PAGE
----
Tuesday, June 26, 2012

Two Roman out-of-place artifacts

A news story came across my Google Reader a couple of days ago: "Roman jewelry found in ancient Japan tomb." Not exactly startling stuff, not even if we take the time to consider the purported Japanese tomb of Jesus Christ. Trade networks in the ancient world were perfectly capable of transporting a few glass beads from the Roman Empire to Japan. I filed it away and thought of it as an interesting story to kick off this blog, nothing more.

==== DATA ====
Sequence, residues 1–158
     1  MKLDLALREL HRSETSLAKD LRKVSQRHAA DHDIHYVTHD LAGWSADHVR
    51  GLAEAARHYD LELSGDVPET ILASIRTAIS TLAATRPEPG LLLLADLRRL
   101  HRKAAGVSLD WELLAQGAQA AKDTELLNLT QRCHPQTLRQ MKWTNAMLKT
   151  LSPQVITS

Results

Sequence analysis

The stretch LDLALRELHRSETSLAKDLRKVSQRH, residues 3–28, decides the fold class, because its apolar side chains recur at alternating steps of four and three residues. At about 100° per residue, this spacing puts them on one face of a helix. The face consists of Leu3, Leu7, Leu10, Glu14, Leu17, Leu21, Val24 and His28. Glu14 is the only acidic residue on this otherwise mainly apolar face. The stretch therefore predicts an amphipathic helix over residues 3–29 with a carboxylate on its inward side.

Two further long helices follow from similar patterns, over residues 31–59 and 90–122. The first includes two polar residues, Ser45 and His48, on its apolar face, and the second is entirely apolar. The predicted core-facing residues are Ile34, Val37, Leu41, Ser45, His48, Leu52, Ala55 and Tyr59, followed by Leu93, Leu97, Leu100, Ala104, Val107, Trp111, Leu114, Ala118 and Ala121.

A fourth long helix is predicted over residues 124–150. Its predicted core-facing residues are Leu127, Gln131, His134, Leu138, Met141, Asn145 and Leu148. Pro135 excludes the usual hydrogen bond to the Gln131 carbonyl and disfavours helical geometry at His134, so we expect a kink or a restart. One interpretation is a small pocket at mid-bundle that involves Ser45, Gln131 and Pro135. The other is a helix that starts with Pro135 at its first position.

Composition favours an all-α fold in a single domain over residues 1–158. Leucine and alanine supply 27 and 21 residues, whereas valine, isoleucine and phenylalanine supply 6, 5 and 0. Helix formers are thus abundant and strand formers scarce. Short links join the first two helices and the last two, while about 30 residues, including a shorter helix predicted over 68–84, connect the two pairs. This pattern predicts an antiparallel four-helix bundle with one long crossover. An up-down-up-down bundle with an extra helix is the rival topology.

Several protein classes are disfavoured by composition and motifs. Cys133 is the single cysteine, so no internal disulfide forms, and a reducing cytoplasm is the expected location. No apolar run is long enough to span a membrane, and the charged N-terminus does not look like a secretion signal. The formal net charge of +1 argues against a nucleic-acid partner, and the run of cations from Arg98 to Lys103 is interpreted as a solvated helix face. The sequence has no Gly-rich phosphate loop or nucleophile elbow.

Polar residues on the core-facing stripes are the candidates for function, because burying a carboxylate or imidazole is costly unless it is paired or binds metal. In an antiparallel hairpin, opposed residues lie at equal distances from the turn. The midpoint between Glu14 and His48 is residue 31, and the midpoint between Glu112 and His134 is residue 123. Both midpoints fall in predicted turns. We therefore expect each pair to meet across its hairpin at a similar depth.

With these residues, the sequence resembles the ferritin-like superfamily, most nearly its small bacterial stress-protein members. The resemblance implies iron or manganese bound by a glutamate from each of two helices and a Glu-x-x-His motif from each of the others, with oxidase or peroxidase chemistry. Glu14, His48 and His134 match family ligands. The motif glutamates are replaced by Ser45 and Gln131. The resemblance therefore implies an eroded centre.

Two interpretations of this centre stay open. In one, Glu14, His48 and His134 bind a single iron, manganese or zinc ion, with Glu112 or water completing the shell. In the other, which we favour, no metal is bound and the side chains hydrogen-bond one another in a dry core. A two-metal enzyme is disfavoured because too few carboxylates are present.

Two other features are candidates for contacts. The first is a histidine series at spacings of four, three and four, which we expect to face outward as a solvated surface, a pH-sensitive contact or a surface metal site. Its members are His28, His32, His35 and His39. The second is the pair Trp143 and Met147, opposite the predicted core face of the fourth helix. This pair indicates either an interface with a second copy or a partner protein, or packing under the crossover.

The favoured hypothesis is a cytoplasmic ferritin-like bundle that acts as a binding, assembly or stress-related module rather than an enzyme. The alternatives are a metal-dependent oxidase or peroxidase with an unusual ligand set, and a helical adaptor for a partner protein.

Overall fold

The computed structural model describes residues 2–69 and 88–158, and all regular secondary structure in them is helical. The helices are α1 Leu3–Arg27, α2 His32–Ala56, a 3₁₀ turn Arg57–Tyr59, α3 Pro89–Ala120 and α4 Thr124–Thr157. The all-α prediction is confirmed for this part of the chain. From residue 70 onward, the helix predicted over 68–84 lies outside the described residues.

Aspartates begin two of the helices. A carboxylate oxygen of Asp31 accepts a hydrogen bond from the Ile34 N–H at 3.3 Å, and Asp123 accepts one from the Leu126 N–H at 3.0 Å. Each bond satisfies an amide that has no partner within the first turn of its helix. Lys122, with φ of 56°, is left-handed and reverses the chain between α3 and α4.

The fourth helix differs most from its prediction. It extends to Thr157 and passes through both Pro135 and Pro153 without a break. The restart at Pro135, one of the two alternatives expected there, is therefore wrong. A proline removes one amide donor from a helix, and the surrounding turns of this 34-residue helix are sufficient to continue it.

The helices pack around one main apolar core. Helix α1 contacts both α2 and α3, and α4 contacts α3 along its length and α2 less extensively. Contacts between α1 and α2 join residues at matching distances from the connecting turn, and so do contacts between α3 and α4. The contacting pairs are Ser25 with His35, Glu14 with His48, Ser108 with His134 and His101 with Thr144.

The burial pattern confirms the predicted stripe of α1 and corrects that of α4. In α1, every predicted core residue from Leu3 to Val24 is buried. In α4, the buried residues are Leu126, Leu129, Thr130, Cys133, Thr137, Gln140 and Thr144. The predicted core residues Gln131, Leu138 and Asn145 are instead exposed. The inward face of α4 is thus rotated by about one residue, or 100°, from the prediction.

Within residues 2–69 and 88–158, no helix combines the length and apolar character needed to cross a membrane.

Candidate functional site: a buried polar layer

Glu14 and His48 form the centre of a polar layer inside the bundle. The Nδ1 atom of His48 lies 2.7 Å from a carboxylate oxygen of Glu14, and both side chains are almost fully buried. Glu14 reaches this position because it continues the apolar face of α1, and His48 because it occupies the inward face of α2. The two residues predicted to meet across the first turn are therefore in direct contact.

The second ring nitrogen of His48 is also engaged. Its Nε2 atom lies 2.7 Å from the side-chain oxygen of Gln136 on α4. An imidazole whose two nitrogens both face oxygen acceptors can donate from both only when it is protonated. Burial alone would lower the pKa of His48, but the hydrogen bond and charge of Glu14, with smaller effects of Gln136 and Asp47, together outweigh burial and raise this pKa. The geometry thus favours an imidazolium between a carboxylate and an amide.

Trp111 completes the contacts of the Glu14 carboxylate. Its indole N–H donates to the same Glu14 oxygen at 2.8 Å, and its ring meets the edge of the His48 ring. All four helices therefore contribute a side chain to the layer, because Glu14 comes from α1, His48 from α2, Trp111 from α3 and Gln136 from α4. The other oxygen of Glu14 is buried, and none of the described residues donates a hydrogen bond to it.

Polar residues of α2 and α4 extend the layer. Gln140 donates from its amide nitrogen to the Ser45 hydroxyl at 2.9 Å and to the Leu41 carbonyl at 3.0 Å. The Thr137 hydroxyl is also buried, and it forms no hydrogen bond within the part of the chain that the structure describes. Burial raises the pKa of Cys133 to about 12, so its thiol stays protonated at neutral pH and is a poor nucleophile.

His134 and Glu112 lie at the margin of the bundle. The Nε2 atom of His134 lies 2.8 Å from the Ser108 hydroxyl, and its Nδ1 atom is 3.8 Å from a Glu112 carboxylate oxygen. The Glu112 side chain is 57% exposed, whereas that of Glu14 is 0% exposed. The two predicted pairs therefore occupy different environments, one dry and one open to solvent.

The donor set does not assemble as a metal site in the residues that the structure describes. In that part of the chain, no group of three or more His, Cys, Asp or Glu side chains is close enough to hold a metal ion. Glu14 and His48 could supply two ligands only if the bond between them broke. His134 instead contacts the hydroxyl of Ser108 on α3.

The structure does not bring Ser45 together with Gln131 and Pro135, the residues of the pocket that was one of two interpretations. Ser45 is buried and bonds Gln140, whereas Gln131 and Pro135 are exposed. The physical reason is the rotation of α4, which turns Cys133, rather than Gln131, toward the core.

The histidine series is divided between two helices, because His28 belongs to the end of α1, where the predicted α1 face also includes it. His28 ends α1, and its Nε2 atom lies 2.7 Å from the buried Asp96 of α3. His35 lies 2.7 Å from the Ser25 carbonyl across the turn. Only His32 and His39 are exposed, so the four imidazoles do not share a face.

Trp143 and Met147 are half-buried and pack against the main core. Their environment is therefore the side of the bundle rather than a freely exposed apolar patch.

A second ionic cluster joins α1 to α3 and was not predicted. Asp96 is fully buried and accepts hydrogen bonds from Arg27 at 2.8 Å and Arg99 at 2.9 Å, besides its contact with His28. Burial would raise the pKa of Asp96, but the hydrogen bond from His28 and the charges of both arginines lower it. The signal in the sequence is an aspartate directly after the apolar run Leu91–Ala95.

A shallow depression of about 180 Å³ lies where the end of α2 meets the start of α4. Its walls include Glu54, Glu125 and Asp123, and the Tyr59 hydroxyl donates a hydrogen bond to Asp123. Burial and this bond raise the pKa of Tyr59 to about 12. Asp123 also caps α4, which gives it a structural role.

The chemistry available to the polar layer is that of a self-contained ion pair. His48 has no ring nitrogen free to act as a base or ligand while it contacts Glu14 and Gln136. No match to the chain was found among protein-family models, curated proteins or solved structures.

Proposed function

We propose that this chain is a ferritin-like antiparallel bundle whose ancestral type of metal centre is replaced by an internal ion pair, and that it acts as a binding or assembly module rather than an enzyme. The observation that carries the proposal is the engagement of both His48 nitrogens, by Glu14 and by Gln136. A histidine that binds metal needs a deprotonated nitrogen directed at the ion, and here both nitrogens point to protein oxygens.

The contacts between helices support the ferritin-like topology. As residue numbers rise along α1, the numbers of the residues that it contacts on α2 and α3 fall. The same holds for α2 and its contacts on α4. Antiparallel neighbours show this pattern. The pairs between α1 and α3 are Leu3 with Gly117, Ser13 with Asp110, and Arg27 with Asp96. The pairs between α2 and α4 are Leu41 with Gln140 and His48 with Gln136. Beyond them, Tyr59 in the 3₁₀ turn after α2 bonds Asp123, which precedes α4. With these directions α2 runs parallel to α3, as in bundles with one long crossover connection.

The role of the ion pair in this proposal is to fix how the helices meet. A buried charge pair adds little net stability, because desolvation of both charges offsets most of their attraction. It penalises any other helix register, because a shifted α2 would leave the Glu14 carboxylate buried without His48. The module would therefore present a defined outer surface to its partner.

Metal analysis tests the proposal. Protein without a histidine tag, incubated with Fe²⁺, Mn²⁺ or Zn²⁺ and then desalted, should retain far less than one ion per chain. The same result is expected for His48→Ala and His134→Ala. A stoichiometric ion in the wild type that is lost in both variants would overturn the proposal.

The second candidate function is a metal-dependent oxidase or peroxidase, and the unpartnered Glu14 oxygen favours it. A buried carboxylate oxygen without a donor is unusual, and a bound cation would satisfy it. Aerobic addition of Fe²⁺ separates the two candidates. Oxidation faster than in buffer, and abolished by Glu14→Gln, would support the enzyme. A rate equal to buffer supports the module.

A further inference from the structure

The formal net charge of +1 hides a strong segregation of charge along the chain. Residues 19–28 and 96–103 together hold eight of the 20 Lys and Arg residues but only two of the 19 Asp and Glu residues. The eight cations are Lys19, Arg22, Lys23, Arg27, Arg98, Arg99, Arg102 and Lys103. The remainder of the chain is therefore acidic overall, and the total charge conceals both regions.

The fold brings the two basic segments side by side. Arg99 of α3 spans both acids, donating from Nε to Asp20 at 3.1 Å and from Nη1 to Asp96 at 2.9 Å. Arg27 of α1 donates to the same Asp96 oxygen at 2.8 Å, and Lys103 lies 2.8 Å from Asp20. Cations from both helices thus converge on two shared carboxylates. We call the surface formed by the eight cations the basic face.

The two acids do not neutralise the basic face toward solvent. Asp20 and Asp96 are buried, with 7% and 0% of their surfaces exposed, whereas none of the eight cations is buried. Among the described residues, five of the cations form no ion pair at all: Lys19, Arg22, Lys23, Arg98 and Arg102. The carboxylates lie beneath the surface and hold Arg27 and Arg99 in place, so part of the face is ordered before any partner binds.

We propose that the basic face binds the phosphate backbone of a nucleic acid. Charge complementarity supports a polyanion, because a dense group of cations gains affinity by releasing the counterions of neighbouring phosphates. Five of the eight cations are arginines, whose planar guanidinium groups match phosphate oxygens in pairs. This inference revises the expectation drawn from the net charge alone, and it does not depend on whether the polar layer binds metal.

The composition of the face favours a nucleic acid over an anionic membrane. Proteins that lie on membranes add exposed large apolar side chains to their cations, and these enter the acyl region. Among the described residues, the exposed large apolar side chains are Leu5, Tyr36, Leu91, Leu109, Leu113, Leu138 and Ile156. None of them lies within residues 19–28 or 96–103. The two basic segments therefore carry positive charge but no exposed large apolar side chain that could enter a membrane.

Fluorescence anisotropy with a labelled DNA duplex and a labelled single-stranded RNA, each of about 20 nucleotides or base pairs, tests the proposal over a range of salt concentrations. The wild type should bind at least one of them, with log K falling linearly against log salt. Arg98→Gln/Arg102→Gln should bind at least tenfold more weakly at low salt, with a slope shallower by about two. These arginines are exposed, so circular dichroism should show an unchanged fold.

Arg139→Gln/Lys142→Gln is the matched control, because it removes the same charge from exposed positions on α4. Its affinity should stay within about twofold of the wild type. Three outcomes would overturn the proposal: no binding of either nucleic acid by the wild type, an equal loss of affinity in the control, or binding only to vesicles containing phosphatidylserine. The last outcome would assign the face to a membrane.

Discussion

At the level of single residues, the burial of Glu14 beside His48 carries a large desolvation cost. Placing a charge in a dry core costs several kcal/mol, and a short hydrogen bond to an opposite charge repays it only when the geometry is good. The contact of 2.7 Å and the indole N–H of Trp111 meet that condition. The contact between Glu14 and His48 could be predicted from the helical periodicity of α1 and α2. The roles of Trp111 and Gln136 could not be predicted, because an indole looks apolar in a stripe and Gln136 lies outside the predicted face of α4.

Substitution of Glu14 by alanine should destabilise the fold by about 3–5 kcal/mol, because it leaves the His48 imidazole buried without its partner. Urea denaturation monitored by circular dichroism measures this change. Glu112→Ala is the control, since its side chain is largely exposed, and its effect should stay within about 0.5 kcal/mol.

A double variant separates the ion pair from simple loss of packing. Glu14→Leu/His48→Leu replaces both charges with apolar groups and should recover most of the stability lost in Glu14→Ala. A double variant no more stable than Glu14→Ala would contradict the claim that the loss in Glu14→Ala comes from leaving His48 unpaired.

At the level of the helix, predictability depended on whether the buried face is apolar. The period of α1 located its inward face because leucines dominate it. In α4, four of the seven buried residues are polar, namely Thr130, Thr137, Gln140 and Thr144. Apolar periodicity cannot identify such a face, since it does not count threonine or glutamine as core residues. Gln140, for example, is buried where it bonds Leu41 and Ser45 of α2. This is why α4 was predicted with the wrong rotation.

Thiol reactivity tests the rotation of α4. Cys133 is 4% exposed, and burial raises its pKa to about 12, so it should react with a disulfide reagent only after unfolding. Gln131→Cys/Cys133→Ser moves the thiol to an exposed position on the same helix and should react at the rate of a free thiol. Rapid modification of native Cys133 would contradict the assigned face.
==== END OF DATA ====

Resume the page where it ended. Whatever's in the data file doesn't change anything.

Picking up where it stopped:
Then I happened upon a Wikipedia article (I'm guessing a lot of posts on this blog will start off this way) on odd Roman artifacts dubbed the "Roman dodecahedra." They're sculptures of either bronze or stone, shaped like the twelve-sided Platonic solid familiar to gamers and Carl Sagan fans everywhere. Following on the heels of the well-publicized (again, at least among gamers) discovery of the twenty-sided Roman die a few years back, the mystery of the Roman dodecahedron is much more profound. Found only in Gallo-Roman territories, their purpose is ultimately unknown, despite some interesting agricultural theories. Are these strictly out-of-place artifacts? No, but with their purpose unknown, any number of possible origins, including occult ones, could be contrived for them. Remember, the dodecahedron was the symbol of the quintessence and the Aether and in more modern times was theorized to be the actual shape of the universe. A mystery wrapped inside another mystery? That's the way to kick off a blog, my friends.

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